UK butterflies bounced back in 2018 following a string of poor years, thanks in part to last year’s heatwave summer, a new study has revealed.

More than two-thirds of UK butterfly species (39 of 57) were seen in higher numbers than in 2017, with two of our rarest, the Large Blue and Black Hairstreak, recording their best years since records began. Numbers of the threatened Large Blue rose by 58 percent from 2017 levels and the endangered Black Hairstreak was up by more than 900 percent. Both species benefitted from warm and sunny weather when they were flying in the early summer, whilst the cold spell in February and March may have also helped by improving survival of caterpillars and chrysalises.

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Numbers of the threatened Large Blue rose by 58 percent. image:Neil Hulme, Butterfly Conservation

The results have come from the annual UK Butterfly Monitoring Scheme (UKBMS) led by Butterfly Conservation, the Centre for Ecology & Hydrology (CEH), British Trust for Ornithology (BTO) and Joint Nature Conservation Committee (JNCC).

They also revealed that Brown Argus and Speckled Wood butterflies had thrived, recording their third best year on record.

Common White butterflies experienced a good year after a recent run of below-average seasons with Large White annual abundance up 118 percent, the Small White rising by 155 percent and the Green-veined White increasing by 63 percent, again due to warm and sunny weather from April to the end of July.

The threatened Duke of Burgundy was up 65 percent. This butterfly has been the subject of intensive conservation efforts in recent years from Butterfly Conservation and partners, with some of the biggest annual increases seen at conservation sites. The butterfly’s population has stabilised over the last 10 years in the face of a significant long-term decline.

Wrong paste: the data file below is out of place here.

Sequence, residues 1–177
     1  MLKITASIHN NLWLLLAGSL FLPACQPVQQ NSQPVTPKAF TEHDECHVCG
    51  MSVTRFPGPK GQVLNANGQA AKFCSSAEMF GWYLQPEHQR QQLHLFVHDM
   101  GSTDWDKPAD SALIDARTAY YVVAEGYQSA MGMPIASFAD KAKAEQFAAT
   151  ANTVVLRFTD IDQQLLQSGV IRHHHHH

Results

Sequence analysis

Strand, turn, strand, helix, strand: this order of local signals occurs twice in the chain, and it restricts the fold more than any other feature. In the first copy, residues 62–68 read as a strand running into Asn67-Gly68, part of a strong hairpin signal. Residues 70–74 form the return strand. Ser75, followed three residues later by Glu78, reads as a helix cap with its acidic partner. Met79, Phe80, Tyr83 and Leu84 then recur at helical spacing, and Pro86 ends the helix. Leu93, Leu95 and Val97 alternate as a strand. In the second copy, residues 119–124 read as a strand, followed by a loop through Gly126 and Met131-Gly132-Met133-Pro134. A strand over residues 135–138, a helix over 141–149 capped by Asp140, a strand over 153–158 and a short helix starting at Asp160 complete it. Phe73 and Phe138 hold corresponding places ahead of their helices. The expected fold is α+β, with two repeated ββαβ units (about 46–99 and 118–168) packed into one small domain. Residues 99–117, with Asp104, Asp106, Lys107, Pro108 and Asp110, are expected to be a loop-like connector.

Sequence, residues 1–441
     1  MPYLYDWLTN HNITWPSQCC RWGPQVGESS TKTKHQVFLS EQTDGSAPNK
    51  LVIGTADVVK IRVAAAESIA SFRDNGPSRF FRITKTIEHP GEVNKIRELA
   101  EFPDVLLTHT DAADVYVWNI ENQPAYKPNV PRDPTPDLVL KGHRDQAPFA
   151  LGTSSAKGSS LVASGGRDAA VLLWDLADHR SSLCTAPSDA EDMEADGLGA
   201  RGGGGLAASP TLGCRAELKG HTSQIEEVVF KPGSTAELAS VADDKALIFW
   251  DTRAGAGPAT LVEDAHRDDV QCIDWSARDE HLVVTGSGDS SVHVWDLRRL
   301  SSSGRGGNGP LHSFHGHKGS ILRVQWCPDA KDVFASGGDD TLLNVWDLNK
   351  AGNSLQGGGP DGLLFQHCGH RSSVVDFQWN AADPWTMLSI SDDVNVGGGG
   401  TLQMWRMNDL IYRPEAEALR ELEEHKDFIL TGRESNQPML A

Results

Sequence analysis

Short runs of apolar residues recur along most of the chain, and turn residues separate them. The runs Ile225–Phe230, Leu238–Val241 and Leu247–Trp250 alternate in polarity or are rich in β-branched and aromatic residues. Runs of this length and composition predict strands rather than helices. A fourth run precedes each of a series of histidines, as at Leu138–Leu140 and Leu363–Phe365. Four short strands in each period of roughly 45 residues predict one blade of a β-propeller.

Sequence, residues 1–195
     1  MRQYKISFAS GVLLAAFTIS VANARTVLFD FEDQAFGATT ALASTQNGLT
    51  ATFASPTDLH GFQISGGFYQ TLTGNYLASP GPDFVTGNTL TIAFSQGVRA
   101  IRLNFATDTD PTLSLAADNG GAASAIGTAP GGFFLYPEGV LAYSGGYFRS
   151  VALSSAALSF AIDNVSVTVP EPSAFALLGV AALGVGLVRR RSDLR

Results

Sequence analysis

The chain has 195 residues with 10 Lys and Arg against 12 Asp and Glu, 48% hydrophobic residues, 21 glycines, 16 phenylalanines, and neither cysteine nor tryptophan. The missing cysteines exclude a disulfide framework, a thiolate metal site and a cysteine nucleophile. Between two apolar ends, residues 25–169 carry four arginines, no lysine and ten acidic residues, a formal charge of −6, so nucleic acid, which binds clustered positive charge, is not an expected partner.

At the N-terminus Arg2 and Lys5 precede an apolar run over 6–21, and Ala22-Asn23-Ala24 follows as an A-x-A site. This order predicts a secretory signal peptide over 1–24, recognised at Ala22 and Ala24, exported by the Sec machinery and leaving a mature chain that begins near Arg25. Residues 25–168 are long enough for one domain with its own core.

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The threatened Duke of Burgundy was up 65 percent. image: Bob Eade, Butterfly Conservation

But despite the upturn, 2018 was still only an average year for the UK’s butterflies. Around two thirds of species (36 of 57) show an apparent decline since records began 43 years ago, with 21 of these showing significant long-term declines.

The hot spring and summer weather was not ideal for all species. Some grassland butterflies struggled, not helped by drought conditions drying out caterpillar food plants. The Gatekeeper dropped by 20 percent from 2017 levels and the Small Skipper and Essex Skipper were down by 24 percent and 32 percent respectively.

It was also a surprisingly poor year for some garden favourites. The Small Tortoiseshell slumped by 38 percent compared to the previous year and the Peacock was down 25 percent, whilst the migratory Red Admiral crashed by 75 percent after a good year in 2017.

Professor Tom Brereton, Associate Director of Monitoring at Butterfly Conservation, said: “2018 brought some welcome relief for butterflies following five below average years in a row. But there were not as many butterflies around as we might have expected given the fabulous weather over much of the butterfly season and overall 2018 ranked as barely better than average.

“This and the fact that two thirds of butterflies show negative trends over the long-term, highlights the scale of the challenge we face in restoring their fortunes and creating a healthier environment".